At the start of each new year, I find myself reflecting on how my pediatric practice is changing. Now that I have been practicing for more than 20 years, one of the biggest developments is that some of the children I cared for at the start of my career are now bringing their own children to me. But unlike their parents, who visited my practice often, these families are skipping more visits, and therefore foregoing the same opportunities for me to really get to know them and their children so I can best help them.

I have thought a lot about why these families are visiting less frequently and have to believe that an unspoken issue is their worry over health insurance for their children. This would be concerning to me at any point, but, following Congress’ historic 10-year reauthorization of the Children’s Health Insurance Program (CHIP) last January — a policy win that should have set up a banner year for children — this worry is especially striking. CHIP, a federal-state program that offers affordable and comprehensive coverage to children in low- and moderate-income families whose parents make too much money to qualify for Medicaid, had never before seen a reauthorization of this length.

If you asked children’s advocates three years ago if they would have been excited by this legislative outcome, most would have been ecstatic. And yet, late last year, we learned that this 10-year funding for CHIP did not take us one step closer to universal coverage for children like so many of us had hoped. In fact, despite this landmark achievement, there is cause for concern in 2019.

Perhaps lost to some in the hectic pace of the news around the holidays was a report by the Center for Children and Families at Georgetown University, which demonstrated that despite the 10-year reauthorization of CHIP, the number of uninsured children in the U.S. actually increased by 276,000 in 2017, the first up-tick in uninsurance among children in more than 20 years. So, what happened?

It is hard to disentangle all of the reasons why families are losing coverage, but there are a number of important contributors. First, even though job numbers improved and more families were able to obtain dependent coverage through work, these increases could not supplant the number of children and families losing coverage. Our own work at PolicyLab and that of our colleagues has demonstrated that even when families are offered coverage through work, much of that coverage is limited or unaffordable, beset by runaway deductibles, limited provider networks and rising out-of-pocket costs.

Second, although public insurance should have been a backstop for many of these families, the value of Medicaid has been under continuous assault over the last few years. In the face of constant threats to block grant Medicaid in 2017 and 2018, it seems many came to doubt the viability of public health insurance programs, leading to less enrollment. Also, states were facing legitimate budget constraints for CHIP and publicly shared doubts about whether the program could continue. In some instances, states even limited enrollment and re-enrollment when the deadline for the federal reauthorization of CHIP came and went.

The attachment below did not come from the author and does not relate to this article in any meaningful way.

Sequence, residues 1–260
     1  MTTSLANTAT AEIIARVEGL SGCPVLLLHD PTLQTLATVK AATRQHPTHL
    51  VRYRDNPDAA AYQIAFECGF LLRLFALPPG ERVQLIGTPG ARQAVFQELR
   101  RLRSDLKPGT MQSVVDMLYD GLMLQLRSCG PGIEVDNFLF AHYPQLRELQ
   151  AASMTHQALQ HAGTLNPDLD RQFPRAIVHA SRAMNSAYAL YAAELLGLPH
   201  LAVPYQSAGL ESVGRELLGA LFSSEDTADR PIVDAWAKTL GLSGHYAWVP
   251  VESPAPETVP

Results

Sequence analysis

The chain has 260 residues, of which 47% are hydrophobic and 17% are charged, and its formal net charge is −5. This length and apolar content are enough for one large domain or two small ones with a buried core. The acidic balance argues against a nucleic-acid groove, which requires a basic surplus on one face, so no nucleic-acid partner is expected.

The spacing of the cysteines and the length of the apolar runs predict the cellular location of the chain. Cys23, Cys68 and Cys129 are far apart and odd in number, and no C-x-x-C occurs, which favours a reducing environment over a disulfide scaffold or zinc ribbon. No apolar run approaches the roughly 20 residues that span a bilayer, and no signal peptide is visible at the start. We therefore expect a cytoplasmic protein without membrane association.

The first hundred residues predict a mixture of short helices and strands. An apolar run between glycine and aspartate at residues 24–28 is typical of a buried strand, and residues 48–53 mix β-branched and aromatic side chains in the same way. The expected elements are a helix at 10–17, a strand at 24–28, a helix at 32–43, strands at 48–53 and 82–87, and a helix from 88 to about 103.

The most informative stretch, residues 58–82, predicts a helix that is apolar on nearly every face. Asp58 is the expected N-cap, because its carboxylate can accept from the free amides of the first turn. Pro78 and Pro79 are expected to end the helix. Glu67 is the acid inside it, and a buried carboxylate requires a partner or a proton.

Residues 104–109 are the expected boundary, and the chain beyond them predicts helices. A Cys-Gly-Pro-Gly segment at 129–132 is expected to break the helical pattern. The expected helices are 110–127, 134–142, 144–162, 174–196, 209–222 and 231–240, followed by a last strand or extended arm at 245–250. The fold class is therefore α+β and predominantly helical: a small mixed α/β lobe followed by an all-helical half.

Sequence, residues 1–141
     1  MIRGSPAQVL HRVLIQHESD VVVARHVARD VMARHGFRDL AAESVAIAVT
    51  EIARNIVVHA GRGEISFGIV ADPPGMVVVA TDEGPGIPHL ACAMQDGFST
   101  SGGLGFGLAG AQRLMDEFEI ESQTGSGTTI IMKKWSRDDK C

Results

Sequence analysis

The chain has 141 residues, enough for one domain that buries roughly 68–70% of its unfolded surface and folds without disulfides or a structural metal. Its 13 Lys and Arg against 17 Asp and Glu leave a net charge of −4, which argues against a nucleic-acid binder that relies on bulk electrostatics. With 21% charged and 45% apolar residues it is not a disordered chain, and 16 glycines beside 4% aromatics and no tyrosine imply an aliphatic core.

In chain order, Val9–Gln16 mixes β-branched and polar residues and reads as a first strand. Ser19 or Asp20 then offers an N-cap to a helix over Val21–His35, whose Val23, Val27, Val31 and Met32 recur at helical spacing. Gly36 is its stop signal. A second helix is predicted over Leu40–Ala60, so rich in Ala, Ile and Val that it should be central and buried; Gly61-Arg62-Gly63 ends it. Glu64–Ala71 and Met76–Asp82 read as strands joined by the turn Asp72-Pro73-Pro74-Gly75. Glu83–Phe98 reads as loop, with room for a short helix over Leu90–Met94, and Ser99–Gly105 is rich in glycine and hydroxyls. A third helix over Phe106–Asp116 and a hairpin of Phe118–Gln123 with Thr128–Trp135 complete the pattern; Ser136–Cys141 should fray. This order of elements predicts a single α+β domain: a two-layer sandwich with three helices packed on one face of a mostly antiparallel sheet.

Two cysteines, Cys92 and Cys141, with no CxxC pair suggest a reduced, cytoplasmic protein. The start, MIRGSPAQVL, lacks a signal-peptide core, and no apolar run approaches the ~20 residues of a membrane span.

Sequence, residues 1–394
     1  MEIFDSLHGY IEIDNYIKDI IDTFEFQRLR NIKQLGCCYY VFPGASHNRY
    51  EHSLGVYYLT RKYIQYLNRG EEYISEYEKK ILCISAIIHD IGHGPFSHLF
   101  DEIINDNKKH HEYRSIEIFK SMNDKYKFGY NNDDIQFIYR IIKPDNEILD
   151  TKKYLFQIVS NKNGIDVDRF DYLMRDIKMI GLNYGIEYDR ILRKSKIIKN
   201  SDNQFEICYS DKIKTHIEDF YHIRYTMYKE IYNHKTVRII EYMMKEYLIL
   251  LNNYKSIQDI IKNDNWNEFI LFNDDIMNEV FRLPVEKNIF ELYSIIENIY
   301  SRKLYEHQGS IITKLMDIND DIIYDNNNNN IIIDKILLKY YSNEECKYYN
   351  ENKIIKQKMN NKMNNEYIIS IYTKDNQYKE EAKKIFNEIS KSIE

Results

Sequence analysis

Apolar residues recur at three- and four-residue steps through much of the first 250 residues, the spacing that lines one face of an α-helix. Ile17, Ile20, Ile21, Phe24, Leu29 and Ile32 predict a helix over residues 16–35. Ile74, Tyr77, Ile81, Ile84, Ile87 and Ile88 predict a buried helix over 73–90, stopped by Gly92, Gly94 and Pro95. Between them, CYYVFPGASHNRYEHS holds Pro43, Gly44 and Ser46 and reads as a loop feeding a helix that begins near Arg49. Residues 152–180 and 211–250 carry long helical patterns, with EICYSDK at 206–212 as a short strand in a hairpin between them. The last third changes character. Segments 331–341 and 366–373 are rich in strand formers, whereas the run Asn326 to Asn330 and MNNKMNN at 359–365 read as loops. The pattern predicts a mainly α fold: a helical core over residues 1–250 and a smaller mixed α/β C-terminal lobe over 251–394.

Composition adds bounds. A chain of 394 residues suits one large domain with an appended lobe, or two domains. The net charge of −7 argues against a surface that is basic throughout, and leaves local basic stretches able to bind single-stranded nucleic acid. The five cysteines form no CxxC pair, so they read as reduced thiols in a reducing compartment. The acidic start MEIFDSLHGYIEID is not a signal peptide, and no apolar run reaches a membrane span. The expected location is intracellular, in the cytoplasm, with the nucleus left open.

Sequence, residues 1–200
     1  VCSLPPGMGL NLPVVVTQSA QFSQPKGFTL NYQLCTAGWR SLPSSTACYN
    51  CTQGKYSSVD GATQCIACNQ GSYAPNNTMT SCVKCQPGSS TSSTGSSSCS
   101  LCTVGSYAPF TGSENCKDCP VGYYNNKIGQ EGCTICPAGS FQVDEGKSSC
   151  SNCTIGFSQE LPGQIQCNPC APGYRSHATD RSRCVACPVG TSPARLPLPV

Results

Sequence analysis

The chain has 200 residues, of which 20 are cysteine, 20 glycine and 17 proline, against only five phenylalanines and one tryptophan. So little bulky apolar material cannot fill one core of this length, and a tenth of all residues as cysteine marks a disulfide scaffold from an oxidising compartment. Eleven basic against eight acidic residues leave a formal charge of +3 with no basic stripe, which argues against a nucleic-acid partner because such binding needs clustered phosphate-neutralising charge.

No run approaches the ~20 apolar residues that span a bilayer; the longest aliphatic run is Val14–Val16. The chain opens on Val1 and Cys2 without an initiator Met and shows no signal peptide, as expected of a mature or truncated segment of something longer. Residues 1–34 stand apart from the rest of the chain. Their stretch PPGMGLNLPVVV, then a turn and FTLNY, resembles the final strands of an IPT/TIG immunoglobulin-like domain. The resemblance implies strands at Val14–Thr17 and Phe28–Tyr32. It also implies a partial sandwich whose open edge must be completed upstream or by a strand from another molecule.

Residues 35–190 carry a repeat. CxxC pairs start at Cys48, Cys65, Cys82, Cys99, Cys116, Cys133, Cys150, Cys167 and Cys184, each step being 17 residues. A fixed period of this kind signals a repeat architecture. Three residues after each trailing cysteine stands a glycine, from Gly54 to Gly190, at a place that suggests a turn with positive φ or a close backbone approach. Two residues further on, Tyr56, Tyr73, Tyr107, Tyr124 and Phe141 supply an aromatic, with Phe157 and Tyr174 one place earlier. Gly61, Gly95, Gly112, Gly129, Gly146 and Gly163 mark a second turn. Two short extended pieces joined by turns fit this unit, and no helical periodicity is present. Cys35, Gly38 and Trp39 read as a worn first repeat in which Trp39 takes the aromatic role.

Notably, and perhaps more concerning, three-quarters of the coverage losses for children occurred in states that did not expand Medicaid to low-income adults. While not obvious on the surface, one of the best benefits of Medicaid expansion to adults, and even the creation of the state exchanges under Obamacare, has been what people call the “welcome mat” effect, in which parents’ increased engagement with public health offerings for themselves led to increased coverage of their children through Medicaid and CHIP. A strong Medicaid expansion and healthy state exchange program in Pennsylvania, for example, is likely why the Georgetown researchers did not see an increase in the number of uninsured children in the Commonwealth like they did in many other states.

Finally, it is important to note that many of the states that did not expand Medicaid also lie along our southern border, where children’s uninsurance rates could skyrocket even higher if the proposed public charge rule that the Trump administration has been pursuing takes effect. If enacted, this rule would penalize legal immigrant families with revocation of their green card status or even deportation if their children, including their U.S. citizen children, access Medicaid or other key supports like food assistance. The number of children nationwide who could lose their health coverage if this proposed rule goes into effect: up to two million.

The bottom line: what these higher uninsurance rates tell me is that whether it be the employed families who can no longer afford their coverage through work or the legal immigrant family who fears retribution if they seek coverage or services for their children, we are undoing our health care system for children, and it is occurring despite a historic legislative achievement for children’s health coverage.

That said, while some of my usual patient families are visiting less often and some not at all, I remain optimistic for the future. Despite the myriad challenges my patients and their families are facing every day, I continue to see their resilience in the face of adversity. And when they need me, most of them still find their way back. I can only hope that this report serves as a wake-up call to policymakers and spurs action to remove any barriers to our children receiving the right care, at the right place, at the right time.

David Rubin, MD, MSCE, is the director of Population Health Innovation and PolicyLab at Children’s Hospital of Philadelphia, and a member of the Inquirer’s Health Advisory Panel.